Requires OPWDD to Create an Employer Training and Certification Program — A.8915-B (Burdick)/S.7746-B (Mannion) requires OPWDD to establish a voluntary training and certification program for employers that have taken the EmployAbility Pledge to promote strategies that employers can implement to increase diversity in their workforce through hiring individuals with disabilities. Requires OPWDD to develop virtual training programs for employers including: sensitivity training on disability disclosure; providing reasonable accommodations to employees with disabilities; tax credits for employers who employee individuals with disabilities; website accessibility; interviewing individuals with disabilities and appropriate job opening advertisements; workplace inclusion of individuals with disabilities; supply chain diversity; the role of job coaches in assisting employers; and corporate partnership training for employers for purposes of qualifying for preferred source procurement status. The law would be effective 30 days after being signed by the Governor.

 

Notification of State Operated IRA Closure or Transfer — S.7617 (Mannion)/A.9038 (Abinanti) extends for two years the requirement for OPWDD to notify the legislature and labor bargaining organizations of closures or transfers as soon as possible with a minimum of 45-day notice of any closures or transfer of a state operated individualized residential alternative.  This was effective on 4/26/2022 when the Governor signed the law as Chapter 176 of 2022.

 

Clarification of the Developmental Disabilities Advisory Council Members — S.7848 (Mannion)/A.8752 (Abinanti) amends to Chapter 683 of the Laws of 2021 to clarify that the Office of Mental Health Commissioner and Conference of Local Mental Hygiene Directors will be included as appointments to the Developmental Disabilities Advisory Council.  This law was signed on 2/24/2022 as Chapter 134 of the Laws of 2022 and was effective on 12/21/2021 which was the effective date of the original Chapter 71 of 2021.

 

Autism Advisory Board to Include Self-Advocates — S.8647 (Mannion)/A. 9921 (Santabarbara)

amends the Autism Spectrum Disorder Advisory Board to consist of twenty-four members. This will include fifteen appointed members and nine who will serve ex officio. Of the ten appointed members, the Governor, Temporary President of the Senate, Speaker of the Assembly, Minority Leader of the Senate, and Minority Leader of the Assembly shall each appoint three members. Of those three members, one member must possess the expertise of a professional in the field of autism, one member shall be a family advocate, and one member shall be a self-advocate in the community in which they reside. This law would go into effect upon the Governor’s signature.

 

 

 

SED 

Reconciliation After the Tuition Methodology Clarification for Special Education Schools & Programs — A.10191 (Benedetto)/S.9132 (Mannion) clarifies that the tuition methodology allows 853 schools, 4410 programs and Special Act School Districts, for the 2022-23 school year and annually thereafter, to retain funds prior to the reconciliation process. Allowable costs are defined by the reimbursable cost manual. This law would go into effect upon the Governor’s signature.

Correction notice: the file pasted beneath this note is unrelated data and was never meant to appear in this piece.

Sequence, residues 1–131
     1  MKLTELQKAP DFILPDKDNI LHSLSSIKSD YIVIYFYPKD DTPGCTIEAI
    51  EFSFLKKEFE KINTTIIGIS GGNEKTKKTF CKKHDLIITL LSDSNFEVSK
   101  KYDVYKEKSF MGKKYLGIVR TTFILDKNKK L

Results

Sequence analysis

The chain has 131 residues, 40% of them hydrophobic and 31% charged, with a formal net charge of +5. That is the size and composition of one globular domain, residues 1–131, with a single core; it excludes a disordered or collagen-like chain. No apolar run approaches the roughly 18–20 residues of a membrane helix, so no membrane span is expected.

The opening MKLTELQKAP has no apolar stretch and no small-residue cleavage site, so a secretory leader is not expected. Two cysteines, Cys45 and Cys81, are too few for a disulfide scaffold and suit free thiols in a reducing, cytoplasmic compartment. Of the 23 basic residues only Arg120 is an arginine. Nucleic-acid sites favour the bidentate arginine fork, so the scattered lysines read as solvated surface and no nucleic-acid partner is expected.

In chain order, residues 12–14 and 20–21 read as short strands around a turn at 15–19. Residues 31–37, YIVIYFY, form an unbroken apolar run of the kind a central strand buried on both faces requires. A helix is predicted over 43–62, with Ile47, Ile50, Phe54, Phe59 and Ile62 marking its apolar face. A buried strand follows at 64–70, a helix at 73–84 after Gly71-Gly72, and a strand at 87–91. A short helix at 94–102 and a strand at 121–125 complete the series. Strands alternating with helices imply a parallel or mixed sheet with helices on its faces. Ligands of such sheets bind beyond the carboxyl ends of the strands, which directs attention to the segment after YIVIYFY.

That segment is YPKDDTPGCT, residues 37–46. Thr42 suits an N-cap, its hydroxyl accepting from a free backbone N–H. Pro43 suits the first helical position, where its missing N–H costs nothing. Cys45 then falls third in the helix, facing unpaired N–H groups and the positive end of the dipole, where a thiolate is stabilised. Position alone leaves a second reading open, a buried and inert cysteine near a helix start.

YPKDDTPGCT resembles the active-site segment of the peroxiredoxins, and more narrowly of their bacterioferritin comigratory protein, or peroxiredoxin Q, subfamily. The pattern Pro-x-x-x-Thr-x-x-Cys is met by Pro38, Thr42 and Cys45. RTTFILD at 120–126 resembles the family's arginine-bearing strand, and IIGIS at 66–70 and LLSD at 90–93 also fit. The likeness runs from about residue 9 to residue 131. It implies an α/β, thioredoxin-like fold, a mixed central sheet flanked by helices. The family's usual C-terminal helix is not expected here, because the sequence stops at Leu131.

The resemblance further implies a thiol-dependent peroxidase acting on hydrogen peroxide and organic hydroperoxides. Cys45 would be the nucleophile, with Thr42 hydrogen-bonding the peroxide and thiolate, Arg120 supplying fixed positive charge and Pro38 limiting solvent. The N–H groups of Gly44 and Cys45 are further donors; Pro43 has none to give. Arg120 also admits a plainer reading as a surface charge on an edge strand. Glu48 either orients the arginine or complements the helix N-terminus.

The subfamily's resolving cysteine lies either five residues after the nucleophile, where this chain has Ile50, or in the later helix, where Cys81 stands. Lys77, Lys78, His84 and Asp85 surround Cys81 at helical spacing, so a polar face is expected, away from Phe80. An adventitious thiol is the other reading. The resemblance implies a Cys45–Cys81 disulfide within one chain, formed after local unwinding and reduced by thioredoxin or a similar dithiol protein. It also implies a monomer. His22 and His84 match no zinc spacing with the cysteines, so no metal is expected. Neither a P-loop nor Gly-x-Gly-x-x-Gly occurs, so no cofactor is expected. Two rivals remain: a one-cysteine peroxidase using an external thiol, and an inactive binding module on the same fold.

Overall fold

Interim Plus Rates — A.10192 (Benedetto)/S.9134 (Mannion) requires interim rates, or the tuition rate in place on July 1 at the beginning of the new school year, include the annual growth amount for such rates approved for the 2022-23 school year and annually thereafter. This law would apply to 853 schools, Special Act School Districts, July and August programs for students with disabilities, and 4410 programs and services shall include annual growth of the prospective rates. This law would take effect upon the Governor’s signature.

NOTE: We were very pleased that on June 2, SED received DOB approval to include an 11 percent trend factor when calculating 2022-23 school year interim tuition rates (interim plus rates) for all programs except 1:1 nurses, Certified Interpreters, and preschool multi-disciplinary evaluations.  RSU is working to calculate interim plus rates, with the goal of issuing them by July 1, 2022.

 

Extends Ability to Continue Educational Services for Students with an IEP — A.8610-A (Abinanti)/S.7866-A (Harckham) provides that a school district may provide educational services in 2022-23 and 2023-24 school years to a student who turned 21 during the 2021-22 school year, was enrolled in the school district, and received special education services pursuant to an IEP. Such student may continue to receive educational services until the student completes the IEP or turns 23, whichever is sooner. This bill was signed by the Governor on June 13, 2022, as Chapter 213 of the Laws of 2022 and is effective and sunsets on June 30, 2024.

 

Parental Notification of Restraints — A.8540 (Burdick)/S.7548-A (Harckham) amends the education law to require each school district to develop a procedure to notify a student with disability’s parent or person in parental relation on the same day when a physical or mechanical restraint is used on the student, or the student is placed in a time out room.  This law would go into effect upon the Governor’s signature.

 

School Psychologists in 4410s — S.8802 (Mayer)/A.9973 (Griffin) extends for two years provisions of law authorizing school psychologists to continue to be part of the multi-disciplinary evaluation team for the evaluation of children ages 3 to 5 years old for preschool special education services.  This law would take effect upon the Governor’s signature.